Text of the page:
First impressions often are adjusted with time, a.k.a., if I could visit every place I review at least twice, I would. But that’s not the real world. Just ask contestants on The Voice or American Idol.
My first impression of Cuba Libre in Washington, D.C., was perfection within four walls. After my second visit I’d add one qualifier – almost.
Cuba Libre is a Disney-style restaurant getaway to modern Havana, which in D.C., is an amazing find in itself. One of a four-city restaurant group (with others in Orlando, Philadelphia and Atlantic City), it is a refreshing escape from the traditional Washington landscape of historic and modern business and government – especially mid-winter. Its interior Havanna streetscape façade, vertical wide-paddle ceiling fans, patio furniture and potted palms sweep you away instantly into a different place.
The menu, described as Nuevo Cuban, is traditional Cuban fare with a modern twist, and it is complemented by an impressive rum bar menu that produces a variety of Mojitos, tropical mixed drinks and, of course, straight rum shots, including a flight option. Cachaca-based muddled-lime Caipirinhas, 10 ‘Southern’ Hispanic/Latino cervezas (beers), Pisco drinks and non-alcoholic beverages add to the array of authentic options, and many include in-house-pressed sugar cane (guarapo) as their sweetener.
I went to Cuba Libre for lunch with two colleagues. We chose from the restaurant’s weekday ‘Rapido’ lunch menu, meant to get you in and out quickly to keep pace with the bustling D.C. workplace reality. All are combination plates with three to four items, priced from $12 to 16.50.
Two of us chose the “Del Mar” which was absolutely delicious. The plates arrived with three relatively small, but in my opinion, ‘just right-sized’ items: Sopa Levata Muerto (Raise the Dead soup), Coctel de Camarones (shrimp cocktail) and Dorado a la Plancha (fresh Mahi-Mahi filet). The soup, in a breakfast-size bowl, was teeming with seafood; three steamed mussels floated atop the tasty coconut milk fortified chowder that was filled with shrimp, scallops and crabmeat. The three cold shrimp were prepared perfectly; nestled in a tangy, fresh red cocktail sauce with a touch of avocado salsa. And the small, but satisfying chunk of Mahi-Mahi filet was perched on ‘forbidden’ black rice with squid-lobster flavored asopado, Mojito salsa verde and chipotle allioli. Yum.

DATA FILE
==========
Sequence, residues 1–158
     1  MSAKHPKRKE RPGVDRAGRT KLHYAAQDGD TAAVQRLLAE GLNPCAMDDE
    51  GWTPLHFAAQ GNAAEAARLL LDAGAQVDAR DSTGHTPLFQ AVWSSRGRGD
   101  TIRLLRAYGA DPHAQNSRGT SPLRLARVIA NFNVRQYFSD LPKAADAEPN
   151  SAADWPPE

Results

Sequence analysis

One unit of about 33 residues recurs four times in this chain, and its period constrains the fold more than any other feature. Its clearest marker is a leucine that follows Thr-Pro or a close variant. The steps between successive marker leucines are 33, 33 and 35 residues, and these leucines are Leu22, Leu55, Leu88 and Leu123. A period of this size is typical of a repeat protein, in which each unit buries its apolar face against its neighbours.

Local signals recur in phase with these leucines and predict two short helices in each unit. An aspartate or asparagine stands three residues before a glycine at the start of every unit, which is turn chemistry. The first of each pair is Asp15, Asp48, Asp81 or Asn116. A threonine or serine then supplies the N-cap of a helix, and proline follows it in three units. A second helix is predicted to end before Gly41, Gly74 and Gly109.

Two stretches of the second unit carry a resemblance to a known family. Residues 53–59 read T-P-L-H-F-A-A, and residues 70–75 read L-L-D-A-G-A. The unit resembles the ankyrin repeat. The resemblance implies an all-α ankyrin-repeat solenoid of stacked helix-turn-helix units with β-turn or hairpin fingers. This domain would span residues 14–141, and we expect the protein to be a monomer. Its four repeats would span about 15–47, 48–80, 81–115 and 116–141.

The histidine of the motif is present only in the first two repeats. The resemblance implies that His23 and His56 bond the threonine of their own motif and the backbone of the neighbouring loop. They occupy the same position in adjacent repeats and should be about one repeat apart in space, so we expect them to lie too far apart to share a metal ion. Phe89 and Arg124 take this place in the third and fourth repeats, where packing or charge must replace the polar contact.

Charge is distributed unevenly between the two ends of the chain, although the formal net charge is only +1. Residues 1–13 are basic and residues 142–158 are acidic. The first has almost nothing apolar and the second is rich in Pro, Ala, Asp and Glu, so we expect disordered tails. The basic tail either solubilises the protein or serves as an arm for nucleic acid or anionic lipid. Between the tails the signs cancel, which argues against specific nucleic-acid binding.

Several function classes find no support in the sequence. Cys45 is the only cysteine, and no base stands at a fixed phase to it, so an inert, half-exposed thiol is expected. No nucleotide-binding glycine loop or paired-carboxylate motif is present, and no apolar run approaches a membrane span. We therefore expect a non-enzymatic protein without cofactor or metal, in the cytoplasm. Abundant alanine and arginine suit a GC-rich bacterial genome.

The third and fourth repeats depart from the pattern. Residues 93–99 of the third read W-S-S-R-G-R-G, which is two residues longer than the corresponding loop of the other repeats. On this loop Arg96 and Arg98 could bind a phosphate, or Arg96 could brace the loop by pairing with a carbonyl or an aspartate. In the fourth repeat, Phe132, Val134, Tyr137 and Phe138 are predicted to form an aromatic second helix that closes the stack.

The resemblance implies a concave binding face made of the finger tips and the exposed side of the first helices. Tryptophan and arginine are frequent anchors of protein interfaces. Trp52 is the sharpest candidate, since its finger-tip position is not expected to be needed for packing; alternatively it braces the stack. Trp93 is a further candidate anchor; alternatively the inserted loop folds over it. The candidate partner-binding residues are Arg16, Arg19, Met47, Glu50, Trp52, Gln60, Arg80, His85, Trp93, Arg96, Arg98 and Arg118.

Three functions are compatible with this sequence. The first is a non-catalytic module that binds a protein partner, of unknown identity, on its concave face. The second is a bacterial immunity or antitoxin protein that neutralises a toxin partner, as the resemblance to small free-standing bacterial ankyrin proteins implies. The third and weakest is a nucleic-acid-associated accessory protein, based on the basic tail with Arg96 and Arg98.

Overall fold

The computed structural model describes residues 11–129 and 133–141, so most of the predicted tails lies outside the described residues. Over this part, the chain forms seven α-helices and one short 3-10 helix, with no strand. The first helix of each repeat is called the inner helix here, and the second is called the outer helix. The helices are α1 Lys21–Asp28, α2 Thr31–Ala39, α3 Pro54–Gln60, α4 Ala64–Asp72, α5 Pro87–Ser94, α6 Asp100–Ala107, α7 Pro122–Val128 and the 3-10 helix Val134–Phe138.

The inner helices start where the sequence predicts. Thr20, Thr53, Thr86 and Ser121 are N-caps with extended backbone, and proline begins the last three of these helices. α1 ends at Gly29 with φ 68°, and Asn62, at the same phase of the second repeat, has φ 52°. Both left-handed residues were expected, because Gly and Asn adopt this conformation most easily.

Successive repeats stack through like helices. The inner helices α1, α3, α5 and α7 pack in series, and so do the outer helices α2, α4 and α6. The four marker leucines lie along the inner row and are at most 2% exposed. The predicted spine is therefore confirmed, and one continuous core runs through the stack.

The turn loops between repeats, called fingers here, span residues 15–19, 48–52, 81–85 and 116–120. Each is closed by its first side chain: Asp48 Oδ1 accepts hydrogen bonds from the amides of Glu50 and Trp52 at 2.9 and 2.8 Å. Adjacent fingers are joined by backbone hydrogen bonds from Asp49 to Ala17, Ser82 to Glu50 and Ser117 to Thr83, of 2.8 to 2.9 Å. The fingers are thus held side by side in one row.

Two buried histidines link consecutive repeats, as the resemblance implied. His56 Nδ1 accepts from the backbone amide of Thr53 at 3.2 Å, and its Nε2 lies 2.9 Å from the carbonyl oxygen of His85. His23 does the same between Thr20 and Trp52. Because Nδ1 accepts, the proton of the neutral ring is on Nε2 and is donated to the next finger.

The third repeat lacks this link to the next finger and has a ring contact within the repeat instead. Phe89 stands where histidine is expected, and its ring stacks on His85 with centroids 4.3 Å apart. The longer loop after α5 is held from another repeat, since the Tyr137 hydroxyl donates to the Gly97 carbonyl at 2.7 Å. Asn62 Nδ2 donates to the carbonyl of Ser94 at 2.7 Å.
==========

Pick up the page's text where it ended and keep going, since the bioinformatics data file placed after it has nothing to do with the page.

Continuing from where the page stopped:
Our other colleague ordered the “Visit to Havana,” which was a half of a Cuban sandwich, house salad and traditional black bean soup, served with tropical chips. Again, a solid pleaser.
Add our tall and beautiful server, whose sense of service and warm personality made the experience complete, right through presentation of our check in a cigar box, and we were “wowed!”
On my second visit, I again was impressed with attentiveness and charm of the greeter/host (Using the French derived maitre d just doesn’t fit!) and server, as I awaited my lunch guests. This time, and again from the ‘Rapido’ menu, one ordered the “Visit to Havana” and visibly enjoyed it. The other ordered the meatless “Vegetariano” featuring a crispy flatbread topped with grilled vegetables and melted Tetilla cheese; a fresh house salad; and black bean soup with fried yucca sticks. She found it tasty and hearty. I had the Bento Box, which at first glance of the menu seemed perfect, until I discovered that my spinach salad was laced with creamy goat cheese, which I somehow I missed in the menu description. This would have sent some into ecstasy, but it ruined the plate for me. While disappointing, it was my own fault.
My real disappointment, however, was the appetizer we ordered. The $12 Maraquitas Cubanas, a chips and dips starter, came with black bean hummus, rum-cured smoked marlin salad, Cuba Libre salsa and plantain and malanga chips. Presented beautifully and enjoyed as a delightful taste trio, the problem was it came with a basket of about 4 or 5 large chips. That was not even close to being enough to scoop up the flavorful dips, especially for three people. So we asked for more chips, and we got a 4 to 6 more in a new basket, later to find out, the extras cost $3 more. What?! Bah. There goes the perfect rating. If plantain and malanga chips are too pricey to be generous with, I say, throw in a big bowl of tortilla chips. Whatever is done, Cuba Libre should create parity with the hummus, salsa and pate, or risk being considered as skimpy or cheap, with the added charge.
That being said, I’ll be back again, and will still enthusiastically tell friends to give it try. The food is just too good, and since Americans are restricted from visiting Cuba, the visit to make-believe Havana is just too fun to pass up!